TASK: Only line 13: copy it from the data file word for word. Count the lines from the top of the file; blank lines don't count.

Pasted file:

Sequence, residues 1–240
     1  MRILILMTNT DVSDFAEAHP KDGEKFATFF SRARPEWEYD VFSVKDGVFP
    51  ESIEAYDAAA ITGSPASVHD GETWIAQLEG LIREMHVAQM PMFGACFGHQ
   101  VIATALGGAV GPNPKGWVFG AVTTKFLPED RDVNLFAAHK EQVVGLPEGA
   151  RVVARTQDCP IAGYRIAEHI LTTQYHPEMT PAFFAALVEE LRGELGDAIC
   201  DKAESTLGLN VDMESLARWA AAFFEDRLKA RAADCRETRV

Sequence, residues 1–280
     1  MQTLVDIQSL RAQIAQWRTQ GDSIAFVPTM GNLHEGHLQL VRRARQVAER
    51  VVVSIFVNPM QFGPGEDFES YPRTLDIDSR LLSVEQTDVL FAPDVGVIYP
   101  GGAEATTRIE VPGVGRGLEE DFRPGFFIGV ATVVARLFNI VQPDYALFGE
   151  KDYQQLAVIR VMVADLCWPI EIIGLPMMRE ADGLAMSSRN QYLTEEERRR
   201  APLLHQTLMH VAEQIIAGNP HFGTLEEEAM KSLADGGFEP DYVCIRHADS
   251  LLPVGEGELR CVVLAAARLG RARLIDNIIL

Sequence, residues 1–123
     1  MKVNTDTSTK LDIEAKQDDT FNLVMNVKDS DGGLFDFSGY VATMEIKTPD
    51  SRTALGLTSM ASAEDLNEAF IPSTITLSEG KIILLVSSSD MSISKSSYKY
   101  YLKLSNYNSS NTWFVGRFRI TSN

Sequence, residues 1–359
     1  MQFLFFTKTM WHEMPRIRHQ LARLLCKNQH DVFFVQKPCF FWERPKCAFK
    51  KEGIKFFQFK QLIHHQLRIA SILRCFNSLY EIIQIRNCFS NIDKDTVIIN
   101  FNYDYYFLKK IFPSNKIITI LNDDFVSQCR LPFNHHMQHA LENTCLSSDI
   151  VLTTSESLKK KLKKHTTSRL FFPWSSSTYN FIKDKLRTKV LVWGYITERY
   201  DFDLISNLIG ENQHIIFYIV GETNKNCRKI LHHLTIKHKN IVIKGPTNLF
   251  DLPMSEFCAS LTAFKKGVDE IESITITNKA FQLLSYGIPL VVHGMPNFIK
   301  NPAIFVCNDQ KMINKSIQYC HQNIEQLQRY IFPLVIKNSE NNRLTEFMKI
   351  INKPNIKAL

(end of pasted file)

   251  LLPVGEGELR CVVLAAARLG RARLIDNIIL